Cloudless blue skies greeted us on awakening, with a cautionary gale warning – the aftermath of Hurricane Fiona. It seemed a bit blowy looking out of the window, but nothing untoward.
As our next destination was only about 50 miles away, we had some time to investigate a bit more of Portland before we headed west.
I mentioned in yesterday’s post that we’d seen the house owned by Henry Wadsworth Longfellow on our walking tour (but you knew that, of course, as you’ve been paying attention) 🙄.
Intensive research (OK, Google) indicated that access to the house itself was by ticket only and a) it was too early b) it was exorbitant. However, the garden is open to all, and is free, and the house was a 10-minute walk away.
Walked back a slightly different way to the hotel and took in this statue:
We collected our luggage and the car, then set off to Fort Williams Park, which we’d visited on the bus two days ago, to view the scenery in far better weather conditions and hopeful of seeing some wind-assisted wild waves battering against the rocks.
The park was absolutely rammed. We knew it was popular, but all of America seemed to be there. Cars pouring in constantly and no parking anywhere. We gave up and drove to North Conway.
Although short, it was a pleasant drive for the most part along tree-lined roads, some of which showed signs of the fall colours. Apparently this is late this year as September has been warmer than usual, so our chances of seeing this phenomenon at its peak are not great, sadly.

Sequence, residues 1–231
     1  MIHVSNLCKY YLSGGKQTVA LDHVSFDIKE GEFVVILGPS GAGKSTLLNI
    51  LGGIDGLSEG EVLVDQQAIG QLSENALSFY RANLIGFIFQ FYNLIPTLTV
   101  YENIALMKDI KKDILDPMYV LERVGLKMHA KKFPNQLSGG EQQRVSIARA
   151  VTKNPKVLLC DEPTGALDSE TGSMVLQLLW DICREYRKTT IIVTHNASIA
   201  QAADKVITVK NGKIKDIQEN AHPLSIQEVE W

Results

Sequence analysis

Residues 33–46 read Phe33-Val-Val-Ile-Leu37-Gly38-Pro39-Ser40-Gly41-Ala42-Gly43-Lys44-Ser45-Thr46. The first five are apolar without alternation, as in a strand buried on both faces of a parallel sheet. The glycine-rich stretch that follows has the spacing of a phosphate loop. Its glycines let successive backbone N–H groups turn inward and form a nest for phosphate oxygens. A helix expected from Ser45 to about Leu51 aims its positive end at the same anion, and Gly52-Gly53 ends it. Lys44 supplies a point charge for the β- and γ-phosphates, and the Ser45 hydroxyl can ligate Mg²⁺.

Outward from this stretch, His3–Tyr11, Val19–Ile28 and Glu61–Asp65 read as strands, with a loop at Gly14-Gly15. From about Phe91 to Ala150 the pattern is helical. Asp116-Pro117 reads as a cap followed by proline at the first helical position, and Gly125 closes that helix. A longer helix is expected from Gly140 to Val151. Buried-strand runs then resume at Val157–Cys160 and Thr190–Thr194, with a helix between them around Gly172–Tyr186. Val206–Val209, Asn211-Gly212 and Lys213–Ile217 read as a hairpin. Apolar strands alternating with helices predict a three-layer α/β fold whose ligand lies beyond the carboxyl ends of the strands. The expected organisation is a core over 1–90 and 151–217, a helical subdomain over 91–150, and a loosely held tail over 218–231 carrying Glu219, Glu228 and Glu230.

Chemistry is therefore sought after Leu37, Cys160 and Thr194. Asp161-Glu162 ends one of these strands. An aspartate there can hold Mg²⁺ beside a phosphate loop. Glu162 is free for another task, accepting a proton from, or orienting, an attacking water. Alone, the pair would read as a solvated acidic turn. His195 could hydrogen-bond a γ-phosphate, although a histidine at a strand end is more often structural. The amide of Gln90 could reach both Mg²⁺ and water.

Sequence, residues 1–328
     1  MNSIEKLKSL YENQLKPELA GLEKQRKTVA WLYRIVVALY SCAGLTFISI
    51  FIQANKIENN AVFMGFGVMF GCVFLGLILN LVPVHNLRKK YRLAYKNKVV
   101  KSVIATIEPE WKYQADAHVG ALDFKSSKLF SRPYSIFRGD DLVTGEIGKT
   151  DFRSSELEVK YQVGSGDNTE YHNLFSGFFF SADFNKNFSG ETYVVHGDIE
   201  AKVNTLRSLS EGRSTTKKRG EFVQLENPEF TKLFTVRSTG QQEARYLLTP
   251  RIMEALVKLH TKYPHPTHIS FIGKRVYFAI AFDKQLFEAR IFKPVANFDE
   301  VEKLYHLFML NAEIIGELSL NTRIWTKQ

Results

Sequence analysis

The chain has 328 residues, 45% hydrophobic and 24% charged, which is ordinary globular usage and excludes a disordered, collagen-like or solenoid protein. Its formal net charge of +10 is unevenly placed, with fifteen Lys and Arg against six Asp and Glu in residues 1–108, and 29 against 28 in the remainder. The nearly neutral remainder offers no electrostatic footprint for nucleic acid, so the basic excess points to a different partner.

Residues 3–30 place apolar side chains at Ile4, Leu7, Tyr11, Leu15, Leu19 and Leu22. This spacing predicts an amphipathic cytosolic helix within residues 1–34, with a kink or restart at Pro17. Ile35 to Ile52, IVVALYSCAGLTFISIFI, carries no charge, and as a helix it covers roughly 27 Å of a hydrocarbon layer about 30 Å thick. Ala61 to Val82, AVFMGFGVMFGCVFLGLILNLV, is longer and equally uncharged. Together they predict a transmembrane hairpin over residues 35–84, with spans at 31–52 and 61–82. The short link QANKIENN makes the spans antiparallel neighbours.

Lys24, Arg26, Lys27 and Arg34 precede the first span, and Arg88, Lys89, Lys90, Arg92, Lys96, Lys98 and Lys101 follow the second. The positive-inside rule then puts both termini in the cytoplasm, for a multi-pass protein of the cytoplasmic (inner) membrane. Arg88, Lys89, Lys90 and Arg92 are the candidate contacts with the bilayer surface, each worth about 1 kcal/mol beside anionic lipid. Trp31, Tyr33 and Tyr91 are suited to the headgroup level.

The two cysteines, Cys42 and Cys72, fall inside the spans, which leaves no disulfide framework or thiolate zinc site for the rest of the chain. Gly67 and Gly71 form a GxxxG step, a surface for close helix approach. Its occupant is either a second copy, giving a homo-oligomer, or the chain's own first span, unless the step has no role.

We knew that we were entering the Appalachian mountains, so we had visions of North Conway being a little village tucked away in the countryside. The reality is different. It’s a small town, spread very long along a main road, full of motels, burger joints, pizzerias – all rather garish.
The most extraordinary thing was the amount of traffic again. Cars pouring in non-stop from both ends – it is a very popular weekend destination. We don’t really know why yet – it’s probably better known for skiing in winter.
After some huge queues, we thankfully turned into Hampton Inn and Suites and went to check in.
They couldn’t find our reservation. This is the third time it’s happened. After a lot of twittering between two girls on the front desk to no effect, we were told that a room had been reserved for us as an insurance against the loss of the reservation, but they were going to attempt to find the original reservation, so could we go and have a coffee while they sorted this out?
Cue yet another acerbic message to Trailfinders. There is still an outstanding issue with settling the bill at the Portland hotel. 🤬
Fortunately, the reservation was found, and we checked into a rather dowdy brown room. Big enough, but the air-conditioning did not work and it was grubby in places. Not impressed. However, it had a guest laundry, so guess what we did? These things are important, you know…
As is our wont, we visited the local tourist office to try to find out what to do around here. Or tried to. It was closed. On a Saturday afternoon. Go figure.
After yet more Googling, we drove to a local viewing point – Cathedral Ledge – through truly horrible traffic. At least we had a positive outcome here.
I’d managed to book a restaurant which purported to offer something else apart from burgers and pizzas, so we checked its whereabouts.
Nice view from its car park:
I’d also managed to book a scenic railway journey for tomorrow.
We later visited the previously booked restaurant – the Wild Rose at Stonehouse Manor – and it turned out to be excellent.
Back to the hotel, and complained about the non-working aircon. Why are we paying this money for such poor facilities? Two girls came up to try to reset it – no joy, and all they could come up with was a fan and a promise that Maintenance would look at it tomorrow. Some hope on current form. However, we are only here for two nights….
A scenic railway trip tomorrow to look forward to, and maybe some nice drives/walks. Let’s see, shall we?